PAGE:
The origin of radical, in fact, isn’t at all radical. Borrowed from Late Latin radicalis, it means root.

Marco De Vincenzo reviewed the roots of Etro by playing with fabric and print: tartans, cravatteria motifs and, of course, paisley. All of it comes back today, framed by a new sense of precision, by a psychedelic proclivity for sharp cuts and the rhythm of patterns.

Things come together instinctively, as long billowy dresses are paired with droopy, chunky knits, and androgynous trousers and vests are mingled with silk blouses. Tailoring is tall and precise, in opulent fabrications. Necktie motifs swarm on enveloping coats with contrast prints on the inside. Denim pants peek a boo, hinting, indeed, at a radical look. Etro being a whole world, elements of home furnishing are borrowed, with blankets wrapped on light dresses. Fringes dance along the hem of chunky polos and scarves, while applique gives argyle knit a three-dimensional charm.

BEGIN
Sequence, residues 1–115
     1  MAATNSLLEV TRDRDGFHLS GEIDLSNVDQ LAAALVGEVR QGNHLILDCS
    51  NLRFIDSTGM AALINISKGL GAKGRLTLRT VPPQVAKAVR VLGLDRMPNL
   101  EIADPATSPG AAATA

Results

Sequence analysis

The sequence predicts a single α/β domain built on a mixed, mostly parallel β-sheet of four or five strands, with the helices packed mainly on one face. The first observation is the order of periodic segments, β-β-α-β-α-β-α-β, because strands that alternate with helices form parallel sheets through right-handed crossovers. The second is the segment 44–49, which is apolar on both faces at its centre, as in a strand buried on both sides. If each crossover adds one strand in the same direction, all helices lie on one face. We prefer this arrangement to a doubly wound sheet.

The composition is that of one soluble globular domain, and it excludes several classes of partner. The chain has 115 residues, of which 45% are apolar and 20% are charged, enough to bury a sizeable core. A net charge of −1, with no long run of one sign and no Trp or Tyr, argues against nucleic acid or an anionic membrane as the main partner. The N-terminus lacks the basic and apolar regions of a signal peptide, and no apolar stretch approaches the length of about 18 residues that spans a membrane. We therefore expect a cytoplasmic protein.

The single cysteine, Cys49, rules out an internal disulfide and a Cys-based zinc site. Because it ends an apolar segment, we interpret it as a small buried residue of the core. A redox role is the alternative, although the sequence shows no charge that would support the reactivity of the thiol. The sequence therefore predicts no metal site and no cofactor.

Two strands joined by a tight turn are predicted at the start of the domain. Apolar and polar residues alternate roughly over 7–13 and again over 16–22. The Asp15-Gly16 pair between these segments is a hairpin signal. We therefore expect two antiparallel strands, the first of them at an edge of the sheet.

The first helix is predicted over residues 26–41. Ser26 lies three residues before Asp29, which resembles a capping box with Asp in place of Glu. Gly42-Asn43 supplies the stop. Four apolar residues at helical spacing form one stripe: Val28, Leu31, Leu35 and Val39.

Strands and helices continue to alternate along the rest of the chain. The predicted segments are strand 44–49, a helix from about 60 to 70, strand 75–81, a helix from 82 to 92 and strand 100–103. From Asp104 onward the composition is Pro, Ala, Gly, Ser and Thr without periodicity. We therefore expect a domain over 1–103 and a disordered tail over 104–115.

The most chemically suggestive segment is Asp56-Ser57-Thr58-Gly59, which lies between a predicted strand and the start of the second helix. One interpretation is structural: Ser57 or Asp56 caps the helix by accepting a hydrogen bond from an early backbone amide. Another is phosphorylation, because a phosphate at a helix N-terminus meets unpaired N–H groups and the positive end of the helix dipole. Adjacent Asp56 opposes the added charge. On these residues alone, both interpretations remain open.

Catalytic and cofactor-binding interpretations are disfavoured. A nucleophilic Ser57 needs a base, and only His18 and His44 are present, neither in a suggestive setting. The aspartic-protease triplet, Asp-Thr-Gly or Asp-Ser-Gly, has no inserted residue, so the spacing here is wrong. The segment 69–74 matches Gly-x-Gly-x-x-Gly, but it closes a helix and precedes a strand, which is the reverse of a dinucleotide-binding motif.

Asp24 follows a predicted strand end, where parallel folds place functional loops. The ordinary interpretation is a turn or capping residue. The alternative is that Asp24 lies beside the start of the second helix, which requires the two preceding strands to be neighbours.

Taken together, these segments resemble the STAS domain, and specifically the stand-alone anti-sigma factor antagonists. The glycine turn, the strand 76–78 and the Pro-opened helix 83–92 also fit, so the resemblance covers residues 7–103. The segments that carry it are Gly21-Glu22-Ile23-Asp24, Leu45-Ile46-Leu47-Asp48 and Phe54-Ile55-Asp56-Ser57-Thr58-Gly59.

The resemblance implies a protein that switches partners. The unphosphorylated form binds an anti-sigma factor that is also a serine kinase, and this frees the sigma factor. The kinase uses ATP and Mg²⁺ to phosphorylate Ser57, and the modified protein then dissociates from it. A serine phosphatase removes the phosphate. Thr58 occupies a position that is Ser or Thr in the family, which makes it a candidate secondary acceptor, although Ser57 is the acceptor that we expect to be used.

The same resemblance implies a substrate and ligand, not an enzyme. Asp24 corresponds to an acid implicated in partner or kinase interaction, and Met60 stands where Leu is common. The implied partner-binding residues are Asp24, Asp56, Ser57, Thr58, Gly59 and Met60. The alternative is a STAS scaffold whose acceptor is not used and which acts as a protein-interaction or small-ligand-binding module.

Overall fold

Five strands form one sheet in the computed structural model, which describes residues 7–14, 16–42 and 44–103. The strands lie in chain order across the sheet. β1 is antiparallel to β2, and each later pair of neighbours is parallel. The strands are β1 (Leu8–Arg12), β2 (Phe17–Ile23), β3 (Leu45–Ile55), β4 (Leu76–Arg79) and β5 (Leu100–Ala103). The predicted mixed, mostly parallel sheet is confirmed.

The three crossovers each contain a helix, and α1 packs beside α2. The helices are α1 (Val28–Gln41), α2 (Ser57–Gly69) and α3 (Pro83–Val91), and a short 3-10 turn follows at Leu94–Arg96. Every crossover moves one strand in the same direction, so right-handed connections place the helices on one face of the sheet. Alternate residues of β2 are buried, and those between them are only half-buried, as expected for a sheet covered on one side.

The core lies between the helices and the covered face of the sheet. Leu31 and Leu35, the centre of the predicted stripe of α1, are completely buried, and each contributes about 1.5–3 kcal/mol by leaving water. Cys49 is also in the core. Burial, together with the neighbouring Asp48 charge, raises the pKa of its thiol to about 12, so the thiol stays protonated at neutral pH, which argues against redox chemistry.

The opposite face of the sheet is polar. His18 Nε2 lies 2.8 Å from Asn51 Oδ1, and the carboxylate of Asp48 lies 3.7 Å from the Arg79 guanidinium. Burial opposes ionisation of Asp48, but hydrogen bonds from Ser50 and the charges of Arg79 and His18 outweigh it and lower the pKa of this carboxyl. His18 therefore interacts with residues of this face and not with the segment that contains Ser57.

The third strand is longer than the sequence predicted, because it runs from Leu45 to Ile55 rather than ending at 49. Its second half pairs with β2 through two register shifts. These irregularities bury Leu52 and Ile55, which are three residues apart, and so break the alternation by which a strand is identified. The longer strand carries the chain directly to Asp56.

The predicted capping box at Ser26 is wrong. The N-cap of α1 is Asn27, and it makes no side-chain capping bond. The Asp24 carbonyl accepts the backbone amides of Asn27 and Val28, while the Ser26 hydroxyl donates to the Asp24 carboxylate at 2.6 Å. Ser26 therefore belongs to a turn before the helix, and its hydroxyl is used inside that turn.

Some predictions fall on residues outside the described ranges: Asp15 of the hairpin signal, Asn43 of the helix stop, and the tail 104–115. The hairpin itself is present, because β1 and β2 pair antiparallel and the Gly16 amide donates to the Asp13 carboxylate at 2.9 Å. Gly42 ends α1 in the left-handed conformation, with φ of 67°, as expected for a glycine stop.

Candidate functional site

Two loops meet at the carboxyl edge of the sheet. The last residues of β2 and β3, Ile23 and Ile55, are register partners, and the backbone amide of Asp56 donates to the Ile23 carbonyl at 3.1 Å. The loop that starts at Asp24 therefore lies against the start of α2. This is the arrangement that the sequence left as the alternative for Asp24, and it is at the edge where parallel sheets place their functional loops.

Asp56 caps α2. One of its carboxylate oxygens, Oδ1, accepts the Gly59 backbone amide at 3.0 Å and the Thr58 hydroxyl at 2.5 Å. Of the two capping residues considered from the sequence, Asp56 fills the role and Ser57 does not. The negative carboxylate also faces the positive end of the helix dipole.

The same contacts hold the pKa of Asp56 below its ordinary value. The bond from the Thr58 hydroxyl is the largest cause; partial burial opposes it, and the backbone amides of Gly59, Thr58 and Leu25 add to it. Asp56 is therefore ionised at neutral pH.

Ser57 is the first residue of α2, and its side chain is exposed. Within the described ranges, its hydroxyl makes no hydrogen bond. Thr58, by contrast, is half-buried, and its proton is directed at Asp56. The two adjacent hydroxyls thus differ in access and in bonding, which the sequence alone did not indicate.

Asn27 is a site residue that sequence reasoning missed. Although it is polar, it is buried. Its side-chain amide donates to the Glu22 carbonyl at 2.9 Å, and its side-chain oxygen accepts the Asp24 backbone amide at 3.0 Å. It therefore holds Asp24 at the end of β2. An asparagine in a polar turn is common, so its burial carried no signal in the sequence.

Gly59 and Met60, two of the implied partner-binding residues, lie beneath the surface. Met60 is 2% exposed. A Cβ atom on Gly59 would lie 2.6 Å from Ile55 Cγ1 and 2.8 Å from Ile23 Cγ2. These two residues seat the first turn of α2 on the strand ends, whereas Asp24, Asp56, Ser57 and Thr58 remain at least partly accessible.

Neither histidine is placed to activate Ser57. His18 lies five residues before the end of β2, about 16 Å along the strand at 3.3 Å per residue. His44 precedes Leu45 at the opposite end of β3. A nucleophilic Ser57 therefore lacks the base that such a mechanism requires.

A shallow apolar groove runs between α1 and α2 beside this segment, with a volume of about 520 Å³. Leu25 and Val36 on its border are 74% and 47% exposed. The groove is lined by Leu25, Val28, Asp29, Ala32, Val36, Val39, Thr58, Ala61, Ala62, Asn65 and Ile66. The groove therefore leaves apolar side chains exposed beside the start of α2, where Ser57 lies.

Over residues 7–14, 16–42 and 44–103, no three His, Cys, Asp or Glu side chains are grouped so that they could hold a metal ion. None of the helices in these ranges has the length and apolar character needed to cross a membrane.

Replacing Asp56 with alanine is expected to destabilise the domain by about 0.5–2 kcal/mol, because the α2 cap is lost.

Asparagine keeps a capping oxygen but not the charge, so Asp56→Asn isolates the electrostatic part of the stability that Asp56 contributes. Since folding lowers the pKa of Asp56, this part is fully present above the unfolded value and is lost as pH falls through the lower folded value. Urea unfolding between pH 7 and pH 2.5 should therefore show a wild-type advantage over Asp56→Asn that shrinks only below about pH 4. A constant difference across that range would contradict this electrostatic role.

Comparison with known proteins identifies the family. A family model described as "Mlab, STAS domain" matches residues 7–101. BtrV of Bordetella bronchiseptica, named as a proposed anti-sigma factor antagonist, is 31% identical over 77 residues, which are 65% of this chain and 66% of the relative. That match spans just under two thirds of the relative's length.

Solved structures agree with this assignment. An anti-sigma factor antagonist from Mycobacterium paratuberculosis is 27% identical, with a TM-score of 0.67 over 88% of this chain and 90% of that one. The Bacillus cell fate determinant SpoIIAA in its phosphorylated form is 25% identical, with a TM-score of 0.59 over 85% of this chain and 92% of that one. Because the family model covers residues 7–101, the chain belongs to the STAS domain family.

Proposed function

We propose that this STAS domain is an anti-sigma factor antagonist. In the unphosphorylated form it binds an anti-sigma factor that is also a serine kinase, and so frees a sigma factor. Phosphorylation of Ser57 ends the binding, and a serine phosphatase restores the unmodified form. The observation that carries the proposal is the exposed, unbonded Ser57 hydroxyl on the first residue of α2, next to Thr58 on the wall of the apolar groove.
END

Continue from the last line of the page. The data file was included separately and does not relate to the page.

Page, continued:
Accessories are just as radical: the Aladdin clogs become boots, while polished Mary Janes have thick heels and a platform. Oversized laser-cut totes provide a domestic feel; the new Saturno bucket is appropriately and positively moody.

Radical as a way to confront who one was to define what one will be.